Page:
Jerks may get ahead, and that leads to much hand wringing on why this happens and how everyone else should unleash his or her inner jerk to move up the ladder.

But "Why do jerks get ahead?" is the wrong question to ask. The question to ask is, "Will an organisation full of jerks getting ahead, get ahead?"

Monday, August 20, 2012

Why do women outlive men?

Yesterday, a friend asked me a brilliant question. Here's the issue he presented to me. He said that in marriages (certainly in earlier decades) men had control, and women held a subordinate position relative to their husbands. Further this subordination is mandated by several religions, and many women made "obedience" promises as part of their wedding vows..

In my book, I've quoted the Whitehall studies that  show mortality and health depend on your grade in the organization hierarchy. The higher up you are in the org chart, the better your health is. Higher grades mean higher levels of control, resulting in better health levels.

My friend's question was, how can we reconcile the Whitehall studies with the fact that women have a higher life expectancy than their husbands, given that women ostensibly have lower control than their husbands within marriage?

I'm guessing that there are two main reasons for this phenomenon:

1. Women traditionally "married up". They wanted a man who was more powerful than they were, in terms of wealth, income, status, education, ambition and so on. Further, they wanted men physically dominant, ie taller and stronger than themselves. Also, this imbalance of power was actually a source of comfort for the woman, as it provided a sense of security (I'm obviously making some broad and sweeping generalizations here).

2. The man was in the position of protector, in that he was primarily responsible for his wife and family's safety and security, including providing for them. It was in his self-interest to protect his family. That said, many men did abuse their wives, as the system was still that of a dictatorship. Nonetheless, this "dictatorship system" does not seem to have an overall negative effect on life expectancy of women (I am of course not talking of extreme cases of abuse that  resulted in women dying of grievous injuries).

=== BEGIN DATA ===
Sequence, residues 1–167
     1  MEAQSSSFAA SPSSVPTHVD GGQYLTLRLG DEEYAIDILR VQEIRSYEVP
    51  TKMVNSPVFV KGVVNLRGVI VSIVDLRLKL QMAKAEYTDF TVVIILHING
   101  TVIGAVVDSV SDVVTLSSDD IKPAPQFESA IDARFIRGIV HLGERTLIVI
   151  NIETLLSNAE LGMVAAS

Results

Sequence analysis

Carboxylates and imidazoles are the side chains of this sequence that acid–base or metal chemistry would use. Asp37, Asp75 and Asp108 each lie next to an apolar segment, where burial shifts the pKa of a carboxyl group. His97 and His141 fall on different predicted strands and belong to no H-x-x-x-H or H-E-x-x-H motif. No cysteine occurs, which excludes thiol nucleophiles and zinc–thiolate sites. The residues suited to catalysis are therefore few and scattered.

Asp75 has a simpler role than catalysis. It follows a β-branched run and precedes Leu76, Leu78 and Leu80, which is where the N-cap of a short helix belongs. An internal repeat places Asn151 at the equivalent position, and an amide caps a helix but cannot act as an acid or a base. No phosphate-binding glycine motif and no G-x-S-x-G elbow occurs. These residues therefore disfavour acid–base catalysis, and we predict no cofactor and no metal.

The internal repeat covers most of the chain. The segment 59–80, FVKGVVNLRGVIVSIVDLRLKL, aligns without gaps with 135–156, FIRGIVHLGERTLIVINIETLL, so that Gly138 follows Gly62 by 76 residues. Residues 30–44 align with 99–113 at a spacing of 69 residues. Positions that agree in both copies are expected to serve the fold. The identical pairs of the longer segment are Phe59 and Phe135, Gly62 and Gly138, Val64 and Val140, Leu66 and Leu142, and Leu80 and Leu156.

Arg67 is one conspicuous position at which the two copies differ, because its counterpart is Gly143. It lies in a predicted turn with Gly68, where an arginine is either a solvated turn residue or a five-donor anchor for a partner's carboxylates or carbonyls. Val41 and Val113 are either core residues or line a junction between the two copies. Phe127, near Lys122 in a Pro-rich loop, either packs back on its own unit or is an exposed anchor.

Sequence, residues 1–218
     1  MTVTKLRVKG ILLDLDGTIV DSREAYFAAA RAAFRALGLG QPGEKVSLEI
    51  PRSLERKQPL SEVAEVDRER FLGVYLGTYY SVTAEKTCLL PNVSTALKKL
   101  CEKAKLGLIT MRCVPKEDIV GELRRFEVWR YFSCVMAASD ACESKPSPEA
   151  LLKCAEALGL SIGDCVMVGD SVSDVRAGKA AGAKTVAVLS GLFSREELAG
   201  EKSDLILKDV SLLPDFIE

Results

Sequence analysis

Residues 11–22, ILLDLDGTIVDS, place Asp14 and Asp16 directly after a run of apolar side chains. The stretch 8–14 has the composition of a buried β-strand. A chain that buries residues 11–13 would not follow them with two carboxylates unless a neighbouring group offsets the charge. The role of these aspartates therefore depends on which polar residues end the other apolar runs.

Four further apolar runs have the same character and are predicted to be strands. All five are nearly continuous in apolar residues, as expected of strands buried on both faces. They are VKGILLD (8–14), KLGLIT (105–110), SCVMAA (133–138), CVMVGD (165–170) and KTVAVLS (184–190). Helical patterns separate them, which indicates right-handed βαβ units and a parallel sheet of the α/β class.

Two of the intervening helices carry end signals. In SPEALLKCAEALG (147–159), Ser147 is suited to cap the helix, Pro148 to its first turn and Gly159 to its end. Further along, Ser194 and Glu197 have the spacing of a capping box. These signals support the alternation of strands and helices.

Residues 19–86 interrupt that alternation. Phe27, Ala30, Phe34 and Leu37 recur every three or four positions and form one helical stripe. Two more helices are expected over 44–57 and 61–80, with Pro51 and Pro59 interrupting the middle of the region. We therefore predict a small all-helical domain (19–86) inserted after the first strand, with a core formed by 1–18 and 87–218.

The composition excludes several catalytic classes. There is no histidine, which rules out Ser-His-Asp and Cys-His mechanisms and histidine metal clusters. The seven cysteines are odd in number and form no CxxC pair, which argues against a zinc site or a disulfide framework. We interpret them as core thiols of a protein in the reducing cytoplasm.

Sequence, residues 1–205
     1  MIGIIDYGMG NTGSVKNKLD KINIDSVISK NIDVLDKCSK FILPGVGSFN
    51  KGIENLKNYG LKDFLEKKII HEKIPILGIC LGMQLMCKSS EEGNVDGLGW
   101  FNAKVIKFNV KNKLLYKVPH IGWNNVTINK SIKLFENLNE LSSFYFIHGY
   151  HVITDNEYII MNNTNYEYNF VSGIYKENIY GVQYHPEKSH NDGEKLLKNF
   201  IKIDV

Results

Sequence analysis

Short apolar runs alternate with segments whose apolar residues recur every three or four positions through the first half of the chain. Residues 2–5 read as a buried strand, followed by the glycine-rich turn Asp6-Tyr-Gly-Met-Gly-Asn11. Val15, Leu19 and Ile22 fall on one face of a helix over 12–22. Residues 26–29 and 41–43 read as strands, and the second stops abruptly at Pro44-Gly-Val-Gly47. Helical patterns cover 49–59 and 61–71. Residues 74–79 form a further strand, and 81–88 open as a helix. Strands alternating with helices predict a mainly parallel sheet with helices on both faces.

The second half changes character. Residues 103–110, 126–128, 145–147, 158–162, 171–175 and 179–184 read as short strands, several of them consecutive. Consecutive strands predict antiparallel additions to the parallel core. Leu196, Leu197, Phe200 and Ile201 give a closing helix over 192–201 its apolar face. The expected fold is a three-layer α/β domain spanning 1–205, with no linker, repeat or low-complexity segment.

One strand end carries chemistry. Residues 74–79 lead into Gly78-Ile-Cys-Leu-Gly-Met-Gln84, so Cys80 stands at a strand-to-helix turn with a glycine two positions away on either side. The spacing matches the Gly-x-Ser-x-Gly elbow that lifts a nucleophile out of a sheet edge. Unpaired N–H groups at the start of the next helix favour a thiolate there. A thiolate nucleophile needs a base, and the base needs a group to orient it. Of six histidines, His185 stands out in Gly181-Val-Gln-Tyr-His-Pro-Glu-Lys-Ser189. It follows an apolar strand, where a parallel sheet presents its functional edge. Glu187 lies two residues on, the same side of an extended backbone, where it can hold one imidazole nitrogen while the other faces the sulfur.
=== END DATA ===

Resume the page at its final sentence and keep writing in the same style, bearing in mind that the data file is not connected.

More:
In contrast, bosses are in no way responsible for your "safety" (in this case, job security). Your boss's main job is definitely not to care for you, or provide for you, or protect you. 

Monday, August 13, 2012

The future of healthcare: not your doctor, but the system

Dr Atul Gawande is one of my favourite writers. In his latest article, titled "Big Med", Dr Gawande draws parallels between the efficiency of restaurant chains such as the Cheesecake Factory , and the (in)efficiency of the US healthcare system.

Dr Gawande compares the two systems and says (page 10, para 7), "Patients won’t just look for the best specialist anymore; they’ll look for the best system."

While I don't mean to compare two different contexts, I've said something similar in my book about leadership: that leadership is a system, and we have to compare leadership systems, rather than the leaders themselves. Leaders are important, in the same way that individual doctors are important. There are bad leaders and good leaders, and good doctors and bad doctors. Nonetheless, these individual differences can pale in comparison to systemic differences.